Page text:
• There are several graphic novels that are nonfiction or that could be considered historical fiction: Maus by Art Spiegelman or The 9/11 Report: A Graphic Representation by Sid Jacobson and Ernie Colón or A.D. New Orleans after the Deluge by Josh Neufeld. How could graphic novel forms be used as tradebooks in an interdisciplinary unit on one of these historical events?
  • As we continue toward a presidential election, can critical questions in Choudhury and Share’s article be applied to political messages? Use this as a basis for an interdisciplinary unit on citizenship, democracy, or the political process.

Why Not Try This?
  • Combine the ideas in these articles. Choudhury and Share asked students to examine media and messages to look for bias and perspective. Werner-Burke and her colleagues started their unit on graphic novels using comics from the Sunday newspaper. Could your students examine the Sunday comics for some of the same ideas as Choudhury and Share’s students found in other sections of the newspaper? What could they learn about satire, irony, point of view, or bias from Sunday comics?
  • In another combination of these articles, if students found value in graphic novels, have them create a multimedia presentation to educate parents, other teachers, and school administrators about the educational value of graphic novels.
    --As we think about new literacies, we need to focus on the functions and skills and less on the forms or tools. There is an increasing variety of presentation tools available to students for such a project. PowerPoint and Prezi are widely used. What other tools can students use to create their presentations? Add your ideas to the Comments section below.
    --In addition to creating these presentations, think about how students can share this information. Giving presentations in class is a great way to get students thinking and practicing how to convey a message to an audience. How do we get those messages out to a wider audience? Posting on school or teacher websites? YouTube? Local media websites? Our students are sharing other messages and information with wider and wider audiences. How can we use new media literacies to add authenticity to messages created in the classroom?

Websites mentioned in these articles:

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Varied Approaches to Learning

“Multimodality in an Urban Eighth-Grade Classroom”
Adrienne Costello
(read the article--subscribers only)
( listen to a podcast with Adrienne Costello) (13:26)



“Shakespeare in 3D: Bringing the Bard to Life through New (Old) Media”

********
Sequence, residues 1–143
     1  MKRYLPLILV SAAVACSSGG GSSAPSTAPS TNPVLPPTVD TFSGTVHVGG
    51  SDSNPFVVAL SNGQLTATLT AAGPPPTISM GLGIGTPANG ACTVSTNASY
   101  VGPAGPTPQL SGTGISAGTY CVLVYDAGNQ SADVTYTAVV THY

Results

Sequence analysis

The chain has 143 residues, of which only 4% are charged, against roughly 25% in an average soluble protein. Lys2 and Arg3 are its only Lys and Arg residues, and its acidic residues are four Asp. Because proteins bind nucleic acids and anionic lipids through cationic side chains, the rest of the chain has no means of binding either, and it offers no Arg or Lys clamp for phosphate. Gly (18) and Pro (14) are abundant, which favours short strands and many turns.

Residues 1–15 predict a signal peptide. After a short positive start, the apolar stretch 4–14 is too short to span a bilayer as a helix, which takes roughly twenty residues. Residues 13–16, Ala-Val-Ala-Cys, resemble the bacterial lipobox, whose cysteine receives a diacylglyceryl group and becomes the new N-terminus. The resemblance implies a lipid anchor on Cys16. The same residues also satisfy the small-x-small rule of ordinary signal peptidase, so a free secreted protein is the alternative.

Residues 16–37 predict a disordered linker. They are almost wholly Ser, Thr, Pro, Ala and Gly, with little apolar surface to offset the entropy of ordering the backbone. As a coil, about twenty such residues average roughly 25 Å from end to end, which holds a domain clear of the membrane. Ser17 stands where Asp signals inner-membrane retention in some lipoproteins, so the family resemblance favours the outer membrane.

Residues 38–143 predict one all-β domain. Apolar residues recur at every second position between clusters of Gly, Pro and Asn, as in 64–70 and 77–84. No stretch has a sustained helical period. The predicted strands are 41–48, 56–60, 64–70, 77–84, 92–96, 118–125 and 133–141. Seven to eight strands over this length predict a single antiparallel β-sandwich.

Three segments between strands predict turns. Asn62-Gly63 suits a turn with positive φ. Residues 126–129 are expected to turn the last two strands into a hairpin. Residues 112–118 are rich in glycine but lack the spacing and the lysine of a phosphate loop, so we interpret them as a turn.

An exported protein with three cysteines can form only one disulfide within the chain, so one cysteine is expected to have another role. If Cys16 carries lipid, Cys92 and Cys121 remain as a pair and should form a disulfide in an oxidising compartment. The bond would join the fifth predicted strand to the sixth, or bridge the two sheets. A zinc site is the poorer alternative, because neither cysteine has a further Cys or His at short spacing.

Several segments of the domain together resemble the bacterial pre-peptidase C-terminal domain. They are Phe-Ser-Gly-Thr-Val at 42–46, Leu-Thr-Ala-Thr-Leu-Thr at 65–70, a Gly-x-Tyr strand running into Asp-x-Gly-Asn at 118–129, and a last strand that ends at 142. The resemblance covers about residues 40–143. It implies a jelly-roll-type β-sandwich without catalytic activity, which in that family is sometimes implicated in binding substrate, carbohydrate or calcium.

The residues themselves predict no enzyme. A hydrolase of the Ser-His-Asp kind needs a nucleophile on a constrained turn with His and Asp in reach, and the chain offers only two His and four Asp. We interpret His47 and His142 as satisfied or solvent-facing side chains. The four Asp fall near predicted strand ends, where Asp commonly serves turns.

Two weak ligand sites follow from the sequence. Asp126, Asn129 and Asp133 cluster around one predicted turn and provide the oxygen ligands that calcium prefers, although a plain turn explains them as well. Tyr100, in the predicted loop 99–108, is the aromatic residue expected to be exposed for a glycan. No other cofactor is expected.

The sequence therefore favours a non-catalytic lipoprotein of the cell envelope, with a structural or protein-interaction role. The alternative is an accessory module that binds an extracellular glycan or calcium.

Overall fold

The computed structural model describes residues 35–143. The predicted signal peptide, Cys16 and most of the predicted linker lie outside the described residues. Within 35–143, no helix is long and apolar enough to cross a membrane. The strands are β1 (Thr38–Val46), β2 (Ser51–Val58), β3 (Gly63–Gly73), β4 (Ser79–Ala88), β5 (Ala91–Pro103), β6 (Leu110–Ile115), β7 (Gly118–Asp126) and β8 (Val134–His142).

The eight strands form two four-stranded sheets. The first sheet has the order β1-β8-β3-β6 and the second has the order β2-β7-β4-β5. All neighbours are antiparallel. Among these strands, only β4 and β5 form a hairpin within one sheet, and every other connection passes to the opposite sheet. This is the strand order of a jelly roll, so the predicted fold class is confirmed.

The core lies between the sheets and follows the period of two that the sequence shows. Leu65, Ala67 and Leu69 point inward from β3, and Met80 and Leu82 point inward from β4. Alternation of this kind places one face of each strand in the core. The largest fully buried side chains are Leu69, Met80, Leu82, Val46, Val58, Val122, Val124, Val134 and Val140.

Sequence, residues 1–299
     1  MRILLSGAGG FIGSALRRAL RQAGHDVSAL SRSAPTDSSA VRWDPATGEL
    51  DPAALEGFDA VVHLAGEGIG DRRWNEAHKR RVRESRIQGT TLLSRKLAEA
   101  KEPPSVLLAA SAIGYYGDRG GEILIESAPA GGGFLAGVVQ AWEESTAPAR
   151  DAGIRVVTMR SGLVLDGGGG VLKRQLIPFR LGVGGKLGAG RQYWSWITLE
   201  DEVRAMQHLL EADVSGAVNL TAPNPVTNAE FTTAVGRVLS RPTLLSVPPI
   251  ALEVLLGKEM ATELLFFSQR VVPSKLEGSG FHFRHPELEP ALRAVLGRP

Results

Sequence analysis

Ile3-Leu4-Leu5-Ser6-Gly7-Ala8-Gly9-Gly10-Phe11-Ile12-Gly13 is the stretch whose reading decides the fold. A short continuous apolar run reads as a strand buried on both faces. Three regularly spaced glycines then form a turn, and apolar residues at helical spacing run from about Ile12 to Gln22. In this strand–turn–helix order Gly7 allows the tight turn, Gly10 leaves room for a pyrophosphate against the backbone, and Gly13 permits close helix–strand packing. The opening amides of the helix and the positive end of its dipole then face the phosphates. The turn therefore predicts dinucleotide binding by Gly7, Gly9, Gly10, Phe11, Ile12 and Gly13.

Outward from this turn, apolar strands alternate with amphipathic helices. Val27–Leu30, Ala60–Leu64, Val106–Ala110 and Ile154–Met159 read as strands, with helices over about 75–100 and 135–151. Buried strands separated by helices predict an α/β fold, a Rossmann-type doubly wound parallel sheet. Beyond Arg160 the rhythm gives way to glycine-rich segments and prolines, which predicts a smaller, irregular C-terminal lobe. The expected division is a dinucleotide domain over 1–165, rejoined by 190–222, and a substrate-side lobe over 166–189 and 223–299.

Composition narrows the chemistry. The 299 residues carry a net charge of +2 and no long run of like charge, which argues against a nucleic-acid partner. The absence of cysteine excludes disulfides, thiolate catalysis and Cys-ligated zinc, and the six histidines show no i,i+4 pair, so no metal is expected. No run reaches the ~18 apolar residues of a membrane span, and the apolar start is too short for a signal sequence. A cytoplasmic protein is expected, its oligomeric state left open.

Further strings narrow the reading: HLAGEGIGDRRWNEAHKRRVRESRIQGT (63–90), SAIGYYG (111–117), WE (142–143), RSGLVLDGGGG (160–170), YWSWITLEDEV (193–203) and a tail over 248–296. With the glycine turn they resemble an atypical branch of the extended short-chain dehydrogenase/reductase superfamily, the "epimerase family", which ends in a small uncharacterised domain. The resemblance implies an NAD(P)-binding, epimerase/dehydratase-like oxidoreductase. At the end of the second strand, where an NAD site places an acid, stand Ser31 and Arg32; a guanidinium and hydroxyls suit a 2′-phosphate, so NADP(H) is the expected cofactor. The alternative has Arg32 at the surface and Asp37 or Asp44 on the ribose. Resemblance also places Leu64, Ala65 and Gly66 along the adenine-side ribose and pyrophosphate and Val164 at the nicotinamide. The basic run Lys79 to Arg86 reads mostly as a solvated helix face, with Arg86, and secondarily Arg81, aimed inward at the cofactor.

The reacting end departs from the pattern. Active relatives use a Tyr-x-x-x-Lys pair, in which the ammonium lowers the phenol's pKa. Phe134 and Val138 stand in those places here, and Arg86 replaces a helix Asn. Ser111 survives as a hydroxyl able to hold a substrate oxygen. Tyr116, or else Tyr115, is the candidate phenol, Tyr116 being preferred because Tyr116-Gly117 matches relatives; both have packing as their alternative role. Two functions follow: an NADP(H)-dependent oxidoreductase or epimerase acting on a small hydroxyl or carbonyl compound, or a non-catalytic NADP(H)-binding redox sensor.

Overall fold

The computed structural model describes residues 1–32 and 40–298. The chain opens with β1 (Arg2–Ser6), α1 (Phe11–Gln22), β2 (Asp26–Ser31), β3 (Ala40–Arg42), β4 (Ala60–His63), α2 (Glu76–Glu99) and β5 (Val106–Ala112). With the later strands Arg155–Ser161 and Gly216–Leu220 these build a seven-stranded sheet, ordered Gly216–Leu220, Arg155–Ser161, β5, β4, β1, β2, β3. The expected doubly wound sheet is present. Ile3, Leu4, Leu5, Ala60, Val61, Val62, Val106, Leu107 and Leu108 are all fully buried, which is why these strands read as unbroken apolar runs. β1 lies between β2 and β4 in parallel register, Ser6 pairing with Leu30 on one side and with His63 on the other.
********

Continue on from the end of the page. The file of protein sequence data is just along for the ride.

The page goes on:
Nick Kremer and Harlow Sanders
(read the article--subscribers only)
( listen to a podcast with Nick Kremer and Harlow Sanders) (9:27)




General Discussion Topic

These articles provide us with examples of how teachers adapted their classrooms to incorporate a wider variety of media or technology with the teaching of drama. Consider how you can use media and technology to provide your students with more authentic experiences by either producing their own performances or responding to the performances of others.

Key Points

  • Students in our classrooms have been immersed in the integration of media, technology, and popular culture throughout their entire lives, while many educators are scrambling to catch up with the rapid technological evolution.
  • Finding ways of connecting academic experiences with relevant out-of-school literacies is more important than ever.
  • There are allusions to Shakespeare in modern media that students frequently encounter in those out-of-school literacy experiences.
  • New media allows the teaching of Shakespeare to be more authentic than ever by using recordings to enliven students’ imaginations and offer insightful oral interpretations.

Common Core Connections

Reading Standards for Literature Grades 6–12

Grade 6: Compare and contrast the experience of reading a story, drama, or poem to listening to or viewing an audio, video, or live version of the text, including contrasting what they “see” and “hear” when reading the text to what they perceive when they listen or watch.

Grade 7: Compare and contrast a written story, drama, or poem to its audio, filmed, staged, or multimedia version, analyzing the effects of techniques unique to each medium (e.g., lighting, sound, color, or camera focus and angles in a film).

Grade 8: Analyze the extent to which a filmed or live production of a story or drama stays faithful to or departs from the text or script, evaluating the choices made by the director or actors.

Using These Articles with Your Team